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A man survives unwanted media attention after Sept. 11 attacks

Maggie Braun

By A Contributor

RELUCTANT HERO Michael Benfante and Dave Hollander Skyhorse Publishing, 2011 223 pages, $24.95

“Reluctant Hero” is the story of Michael Benfante, a survivor of the 9/11 attack on the World Trade Center. His story is a chilling account of not only what he saw and did Sept. 11, 2001, but also of his 10-year personal journey to cope with those and ensuing events.

Benfante was the manager of Networks Plus on the 81st floor of the World Trade Center’s North Tower.

He was newly engaged to Joy, and they were getting married on Sept. 13, 2002. On Sept. 11, Benfante arrived at work early and noted that it was a beautiful day.

At 8:46 a.m., he was talking to a co-worker when he heard another co- worker scream; a second later he felt the impact of the jet crashing into the building.

He saw flames and yelled to everyone to calm down. Then he noticed that the building was swaying.

The elevators were inoperable, in part because the walls had been bent.

Benfante checked the floor to make sure everyone was accounted for and started herding people to the stairwell.

As he was going down the stairs, Joy phoned him and he told her he was fine.

He didn’t know she couldn’t hear him. On the stairwell, he ran into a fellow worker, John. When they got down to the 68th floor, Benfante noticed that some women were talking to another woman in a wheelchair.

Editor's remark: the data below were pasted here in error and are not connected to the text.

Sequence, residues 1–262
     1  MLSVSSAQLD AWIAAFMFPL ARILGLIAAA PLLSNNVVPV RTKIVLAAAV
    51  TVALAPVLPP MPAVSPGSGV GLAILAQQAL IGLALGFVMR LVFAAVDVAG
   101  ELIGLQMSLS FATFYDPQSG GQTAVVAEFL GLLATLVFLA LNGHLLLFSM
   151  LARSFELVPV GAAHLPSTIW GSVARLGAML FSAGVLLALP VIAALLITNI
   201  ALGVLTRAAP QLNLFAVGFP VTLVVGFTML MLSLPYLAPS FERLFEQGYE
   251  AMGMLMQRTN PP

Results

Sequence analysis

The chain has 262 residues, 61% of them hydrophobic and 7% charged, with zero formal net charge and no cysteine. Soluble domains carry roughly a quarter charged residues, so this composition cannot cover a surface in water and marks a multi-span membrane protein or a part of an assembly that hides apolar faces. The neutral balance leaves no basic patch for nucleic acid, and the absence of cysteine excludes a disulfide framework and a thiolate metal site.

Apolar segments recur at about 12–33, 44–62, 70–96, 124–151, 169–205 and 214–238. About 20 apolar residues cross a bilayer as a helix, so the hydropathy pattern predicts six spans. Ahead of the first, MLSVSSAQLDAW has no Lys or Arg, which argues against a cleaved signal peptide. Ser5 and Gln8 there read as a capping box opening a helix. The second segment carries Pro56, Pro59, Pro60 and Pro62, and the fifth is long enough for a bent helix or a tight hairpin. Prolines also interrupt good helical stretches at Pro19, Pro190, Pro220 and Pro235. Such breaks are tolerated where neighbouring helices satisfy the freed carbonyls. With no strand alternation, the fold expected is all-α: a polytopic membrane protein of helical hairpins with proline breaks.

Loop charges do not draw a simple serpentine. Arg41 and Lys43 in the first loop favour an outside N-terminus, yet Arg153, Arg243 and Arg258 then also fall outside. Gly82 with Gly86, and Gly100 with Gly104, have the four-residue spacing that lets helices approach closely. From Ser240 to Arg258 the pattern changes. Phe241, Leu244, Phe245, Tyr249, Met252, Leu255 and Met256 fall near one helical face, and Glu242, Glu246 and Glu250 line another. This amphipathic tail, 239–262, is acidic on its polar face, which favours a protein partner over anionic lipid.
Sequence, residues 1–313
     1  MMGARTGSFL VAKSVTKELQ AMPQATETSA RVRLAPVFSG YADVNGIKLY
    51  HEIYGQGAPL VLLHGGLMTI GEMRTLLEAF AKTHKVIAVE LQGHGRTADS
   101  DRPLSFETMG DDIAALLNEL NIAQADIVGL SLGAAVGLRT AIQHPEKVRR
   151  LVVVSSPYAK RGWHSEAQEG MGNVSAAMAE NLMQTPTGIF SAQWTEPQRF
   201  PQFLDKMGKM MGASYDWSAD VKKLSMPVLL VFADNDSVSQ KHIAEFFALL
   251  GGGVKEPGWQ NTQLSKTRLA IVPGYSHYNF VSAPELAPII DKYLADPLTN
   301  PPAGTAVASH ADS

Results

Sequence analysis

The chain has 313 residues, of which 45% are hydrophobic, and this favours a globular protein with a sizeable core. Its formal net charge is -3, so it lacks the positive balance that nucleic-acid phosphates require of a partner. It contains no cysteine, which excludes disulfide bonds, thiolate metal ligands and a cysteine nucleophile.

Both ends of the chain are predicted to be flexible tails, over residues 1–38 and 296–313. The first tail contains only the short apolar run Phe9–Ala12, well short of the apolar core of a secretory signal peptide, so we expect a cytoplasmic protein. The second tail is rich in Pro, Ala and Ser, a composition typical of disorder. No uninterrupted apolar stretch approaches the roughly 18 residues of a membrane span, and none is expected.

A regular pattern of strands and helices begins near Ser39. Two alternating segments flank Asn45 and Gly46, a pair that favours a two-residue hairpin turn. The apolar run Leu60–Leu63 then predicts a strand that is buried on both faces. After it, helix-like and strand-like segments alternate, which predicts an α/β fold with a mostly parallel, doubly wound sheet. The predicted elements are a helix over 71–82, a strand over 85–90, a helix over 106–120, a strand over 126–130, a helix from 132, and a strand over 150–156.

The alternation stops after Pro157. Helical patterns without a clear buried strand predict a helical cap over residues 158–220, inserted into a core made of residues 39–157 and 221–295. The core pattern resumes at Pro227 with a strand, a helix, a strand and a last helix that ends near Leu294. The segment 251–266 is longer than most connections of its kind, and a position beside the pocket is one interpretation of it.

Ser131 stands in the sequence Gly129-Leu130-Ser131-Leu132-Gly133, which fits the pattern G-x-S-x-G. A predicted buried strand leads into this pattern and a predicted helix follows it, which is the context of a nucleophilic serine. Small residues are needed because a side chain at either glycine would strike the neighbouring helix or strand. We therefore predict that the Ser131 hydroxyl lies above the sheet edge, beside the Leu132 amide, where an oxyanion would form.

He asked if she needed help, and she told him yes. Benfante and John carried the woman in an evacuation chair down the stairwell.

While they were carrying her, Benfante’s dad phoned and told him to get out of the stairwell.

From floors 55 to 33, they begin to see firefighters coming up and saw both “extreme exhaustion and determination” in their eyes.

From floors 33 to 21, Benante sees more people who have been injured.

He realizes that all the people on the stairs are in shock. On the 10th floor, they heard and felt a tremendous rumbling; they learned later that it was the South Tower falling. On the fifth floor, it was dark and smoky and water was up to their ankles. When they got to the lobby, they saw twisted metal, shattered glass and bandaged people.

Benfante, John and a firefighter took the woman they’d lugged down more than 60 floors to an ambulance.

Benfante was trying to decide which way to leave the area and then and was distracted by thudding sounds. Then he saw what was causing the noise — people jumping or falling from the tower and hitting the lower roof.

A cameraman came along and asked Benfante and others what they saw and heard. Just then they heard an explosion, turned around and saw the North Tower “erupting like a volcano.”

Benfante ran as fast as he could from the rumbling force behind him.

He ran under a truck for cover. What Michael didn’t know is that his running was caught on film and was rebroadcast worldwide.

Later, when reporters found out that he saved the woman in the wheelchair, he was recognized as a hero.

He was invited on “The Oprah Winfrey Show,” interviewed by People magazine, and spoke to news stations and schools.

He even received a letter from President George W. Bush.

Later Benfante realized that all the attention was distracting him from healing and dealing with such questions as “Why did this happen?” and “Why did I live?”

His account, written with the help of Dave Hollander, an author and columnist for a variety of national publications, is both a heart-wrenching and uplifting story.

Maggie Braun is a teacher at Manhattan High School.









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